Jagged Little Pill: a love letter to the album and the musical
Alanis Morissette’s 1995 release gets a second life on Broadway
Jagged Little Pill was the first record that made me feel powerful. That even at my ugliest and messiest and most isolated, I was a person and I counted. If you're a person who has always counted, you might not understand why this validation was so gratifying, why it tethered me to the Earth, why I was no longer a ghost just because I was poor, fat, and a girl.
Jagged Little Pill even made me feel a little dangerous, which I liked instinctively more than I understood intellectually. It was another sort of power, one I had previously only wielded when I channeled Miss Piggy as a child and kicked boys in the shin if they called me names. On Jagged Little Pill, Alanis Morissette howled and raged, laughed and rejoiced, confided and confessed; she was the danger, naming these things in her songs that she refused to look away from, refused to make better, refused to shut up about.
There was criticism that Jagged Little Pill was overwrought or melodramatic, that it wasn't cool enough or good enough, or that its ubiquity eventually helped make it a parody of itself. But for so many of us, Jagged Little Pill was the first time we felt seen. It was a catharsis, an album that modelled ways to witness and ways to riot, and the grace to find some wry humour in between these moments. On Jagged Little Pill, Morissette illustrated the various prisons of perfection, the rot under the veneer. She didn't shy away from confronting unpleasantness, calling out hypocrisy, or flipping the script on her oppressors. Silence was killing her. She found a way to be free.
Jagged Little Pill: the Musical, which opens on Broadway on Dec. 5, captures the spirit of Morissette's album beautifully. The musical is as earnest and urgent as its source material, with lyrics by Morissette, music by Morissette and Glen Ballard, and book by acclaimed screenwriter Diablo Cody (Juno, The United States of Tara). The story centres on a family of four, each member hiding something and suffocating in their secrets and loneliness, and the musical is thoroughly contemporary, touching on everything from racism and rape culture to the opioid crisis and homophobia. Cody does impressive work pulling narrative threads from close readings and nuanced deconstructions of the album's songs, while Morissette and Ballard take huge risks that pay off beautifully, reinventing and reimagining their songs for Broadway. The collaborators also wrote several new songs, and use two of Morisette's later hits, "Hands Clean" and "Thank U," to strong effect. But for fans of the album, it's all about those Jagged Little Pill songs.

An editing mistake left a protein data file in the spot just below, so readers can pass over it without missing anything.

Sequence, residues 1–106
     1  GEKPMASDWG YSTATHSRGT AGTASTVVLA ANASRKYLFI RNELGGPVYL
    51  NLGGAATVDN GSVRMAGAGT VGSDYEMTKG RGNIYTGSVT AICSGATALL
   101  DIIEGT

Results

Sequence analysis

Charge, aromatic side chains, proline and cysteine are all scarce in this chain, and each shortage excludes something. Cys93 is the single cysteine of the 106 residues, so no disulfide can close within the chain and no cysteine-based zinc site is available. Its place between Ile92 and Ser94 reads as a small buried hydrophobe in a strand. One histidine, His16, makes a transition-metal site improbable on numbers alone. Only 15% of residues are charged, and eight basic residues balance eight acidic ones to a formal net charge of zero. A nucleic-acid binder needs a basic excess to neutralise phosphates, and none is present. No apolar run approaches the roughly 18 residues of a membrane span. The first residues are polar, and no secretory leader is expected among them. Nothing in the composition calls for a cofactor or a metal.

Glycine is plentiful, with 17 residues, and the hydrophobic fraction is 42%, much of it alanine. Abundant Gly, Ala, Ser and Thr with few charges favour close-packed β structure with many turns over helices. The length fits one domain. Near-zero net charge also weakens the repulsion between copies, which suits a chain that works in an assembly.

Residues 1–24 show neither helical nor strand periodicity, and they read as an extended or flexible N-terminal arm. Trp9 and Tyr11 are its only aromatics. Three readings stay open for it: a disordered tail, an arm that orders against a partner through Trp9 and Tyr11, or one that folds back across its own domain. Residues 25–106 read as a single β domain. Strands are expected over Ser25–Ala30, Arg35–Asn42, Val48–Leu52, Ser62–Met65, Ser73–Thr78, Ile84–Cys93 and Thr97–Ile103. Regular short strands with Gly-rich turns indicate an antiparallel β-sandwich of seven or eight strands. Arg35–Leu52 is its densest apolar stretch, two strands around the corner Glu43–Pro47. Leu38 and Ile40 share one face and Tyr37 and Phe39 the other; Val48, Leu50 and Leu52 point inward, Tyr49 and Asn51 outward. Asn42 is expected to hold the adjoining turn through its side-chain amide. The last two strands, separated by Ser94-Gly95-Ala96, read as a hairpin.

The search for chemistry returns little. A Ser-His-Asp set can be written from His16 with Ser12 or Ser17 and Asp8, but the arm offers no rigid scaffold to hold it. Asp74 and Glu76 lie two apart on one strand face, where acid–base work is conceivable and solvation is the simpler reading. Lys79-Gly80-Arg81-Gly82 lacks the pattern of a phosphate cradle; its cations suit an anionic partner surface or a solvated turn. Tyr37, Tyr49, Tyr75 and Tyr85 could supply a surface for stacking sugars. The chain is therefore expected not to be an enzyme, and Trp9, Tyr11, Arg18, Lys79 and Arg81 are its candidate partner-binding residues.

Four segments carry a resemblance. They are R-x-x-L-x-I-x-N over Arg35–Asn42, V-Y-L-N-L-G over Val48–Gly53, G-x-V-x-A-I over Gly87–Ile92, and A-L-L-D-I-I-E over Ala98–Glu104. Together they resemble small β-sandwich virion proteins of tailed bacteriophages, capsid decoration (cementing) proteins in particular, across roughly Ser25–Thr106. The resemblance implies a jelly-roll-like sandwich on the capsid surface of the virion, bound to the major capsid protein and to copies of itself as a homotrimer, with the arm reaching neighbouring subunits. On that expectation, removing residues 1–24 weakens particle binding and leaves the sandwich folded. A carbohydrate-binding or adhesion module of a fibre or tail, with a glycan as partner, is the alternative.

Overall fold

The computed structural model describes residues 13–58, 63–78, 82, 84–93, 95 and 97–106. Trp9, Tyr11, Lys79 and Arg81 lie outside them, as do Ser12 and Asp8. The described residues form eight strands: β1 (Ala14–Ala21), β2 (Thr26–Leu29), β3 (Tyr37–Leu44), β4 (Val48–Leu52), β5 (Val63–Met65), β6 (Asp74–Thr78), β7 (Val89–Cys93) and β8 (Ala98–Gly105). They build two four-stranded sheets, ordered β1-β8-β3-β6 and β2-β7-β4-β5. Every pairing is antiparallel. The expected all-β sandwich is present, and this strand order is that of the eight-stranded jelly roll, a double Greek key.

The first big number, "All I Really Want," sets the stage for what's possible musically: at first, it's a mother and daughter agitating against each other, each asking for something the other cannot give. Then the duet splits into four parts, and the whole family is flexing its crumbling ruins against the backdrop of a blistering live rock band. "Hand in my Pocket" becomes a queer anthem, wherein stating basic things like "I'm poor but I'm kind/ I'm short but I'm healthy" becomes a way of cataloging your existence as resistance, telling the world everything you are even when the world keeps telling you what you aren't. "Ironic" is reimagined as a teenage girl reading her creative writing assignment in class and everybody interrupting her every other line to complain about her misuse of "ironic." "Forgiven" and "You Oughta Know" are the showstoppers, literally. "Forgiven" closes out Act 1, and the juxtaposition of story and the crescendo of the cast is heart-wrenching. "You Oughta Know" pulses with anger and betrayal, and the performance is so devastating that there was a spontaneous standing ovation mid-show.
Jagged Little Pill's journey to Broadway probably seems strange to those immune — prescriptively, performatively or genuinely — to its charms. But those of us who have loved it have secretly hoped a day like this would come. The record that helped us love ourselves, forgive ourselves, and see ourselves now has its own second life thanks to Jagged Little Pill: the Musical, and a third life, too, with the recently announced 25th anniversary tour next year.
The musical's expansive reimagining of the album's songs is like growing up with a group of friends, all of us stepping into our future selves together. Reaching backwards and forwards through time, growing into deeper understandings together. In revealing new facets of the album's depths, the musical also reveals new facets of my love for all of these songs. Jagged Little Pill forever.
Hang out with me on Twitter: @_AndreaWarner